Who’s in your five? A mentor of mine asked me that question, and I honestly couldn’t answer. He was saying that when you have a challenge in life, lean into the five closest people in your community.
Over the years, I’ve developed a tribe of very positive, inspiring people. I have a church home, lead a small group for young married couples, live on a street where everyone knows everybody, teach an acting class, take an acting class, participate in a group chat and keep up with family. My tribe looks great on paper; it consists of people I look up to, people I mentor, people I do life with, people that make me laugh, people that show up when asked. On the outside, I’m surrounded by good folks. But my mentor made me realize something: I hadn’t really let any of them “in.”
Here’s a perfect example. On my wedding day, I handed out three plaques to the women in my life who have stepped up as “mothers” in my life after my mom passed. In essence, I was telling saying, “Tag, you’re it. When I need a mom, I trust you will show up and support. In turn, I will show up as a daughter and love your family as my own.” It was a beautiful gesture, and I’ve been in contact with all of these women. But overall, I’ve only really talked to them about how life is going when life was too hard for me to handle alone. That’s not relationship. If my mom was still here, I would show up for dinner and check in just because. The reason I haven’t really done this with these ladies is because I don’t want to be a bother.
So, back to my “aha” moment with my mentor. “Who’s in your five?” I decided for the first time to conduct an experiment. Typically, I go through challenging times in private and celebrate the victory with my tribe after I’ve gone through it . . . alone. I know that’s crazy, but what can I say? It’s learned behavior. So, here’s the experiment. The last time I was in the middle of a challenge, I decided to reach out to my tribe. I mean everybody. I wanted to know what it felt like to be supported; I texted/called my substitute moms, messaged my small group, texted my friends in the group chat and called my dad.
The result was interesting. Some people didn’t respond at all. Some people didn’t know how to respond. Some gave me the basic, “love you, praying for you” response, and they kind of disappeared into the business of their own lives. (I’ve done this before SOOOO many times, so I’m not judging.) I had hour-long conversations with others: people I hadn’t really talked to in years. Some people LITERALLY showed up, which surprised me.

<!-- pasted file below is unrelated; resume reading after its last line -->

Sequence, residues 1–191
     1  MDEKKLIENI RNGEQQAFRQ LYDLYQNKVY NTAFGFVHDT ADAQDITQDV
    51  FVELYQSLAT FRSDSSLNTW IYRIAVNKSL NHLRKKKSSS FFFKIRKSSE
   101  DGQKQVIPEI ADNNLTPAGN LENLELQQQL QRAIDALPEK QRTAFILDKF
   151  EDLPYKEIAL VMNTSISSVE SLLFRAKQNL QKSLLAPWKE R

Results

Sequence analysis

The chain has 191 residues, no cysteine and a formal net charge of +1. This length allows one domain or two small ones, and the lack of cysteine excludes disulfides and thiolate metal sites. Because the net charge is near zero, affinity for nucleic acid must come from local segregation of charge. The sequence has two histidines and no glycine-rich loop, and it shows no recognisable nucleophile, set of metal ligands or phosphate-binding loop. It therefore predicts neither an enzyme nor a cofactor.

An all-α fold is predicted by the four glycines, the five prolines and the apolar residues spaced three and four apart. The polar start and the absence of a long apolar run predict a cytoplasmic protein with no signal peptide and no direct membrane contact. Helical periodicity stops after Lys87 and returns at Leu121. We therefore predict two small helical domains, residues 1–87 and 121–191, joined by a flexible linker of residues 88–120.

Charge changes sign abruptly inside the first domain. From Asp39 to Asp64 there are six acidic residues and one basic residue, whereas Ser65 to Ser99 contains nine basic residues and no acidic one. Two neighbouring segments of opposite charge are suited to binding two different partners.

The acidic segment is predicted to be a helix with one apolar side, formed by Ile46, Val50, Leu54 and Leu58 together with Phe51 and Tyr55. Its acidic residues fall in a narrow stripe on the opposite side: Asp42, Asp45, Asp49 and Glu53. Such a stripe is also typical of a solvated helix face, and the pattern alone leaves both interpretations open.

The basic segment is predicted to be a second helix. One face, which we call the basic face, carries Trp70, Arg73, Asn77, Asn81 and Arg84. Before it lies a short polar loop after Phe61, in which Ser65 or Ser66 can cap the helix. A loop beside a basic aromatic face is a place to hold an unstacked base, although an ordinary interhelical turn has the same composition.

Now that I’m better and on the other side of the challenge, I learned something about my squad. Not every relationship is created equal. Some people, I’m there to serve. Some people are clutch when I’m in a bind and need good advice. Some people are great at just being there. Some people support me well and are safe to lean on. I learned that in order to have true relationships, I have to let some people in. I don’t have to let everyone in, but I need in “inner circle.” They can’t just orbit around my life, they have to be invited into the messiness of it, and in turn, I need to jump into theirs.
So, I chose my five. They’ve always been there, but I’m proud to say that over the last week, I’ve contacted all of them and intentionally let them in. They may change over time, and that’s okay. The point is that I started a journey of vulnerability in my closest relationships, and I’m elated! I’ve had some “just because” conversations. I’ve also had some long, hardy belly-laughs. I’ve had some deeper conversations, with awesome exchanges of wisdom. It’s been amazing. I feel supported. I feel loved. I’m not doing life alone, and it has been life-giving to my soul and body. My friend, I hope and pray that I maintain this practice because it’s just so healthy. I feel a difference already. I also pray that your squad supports you well and that you “belong” somewhere. If not, take the risk and start letting someone in. We were made for that kind of thing.
About me . . .
I'm Cyrah Hill. I'm a woman of faith, an actor and an everyday black girl.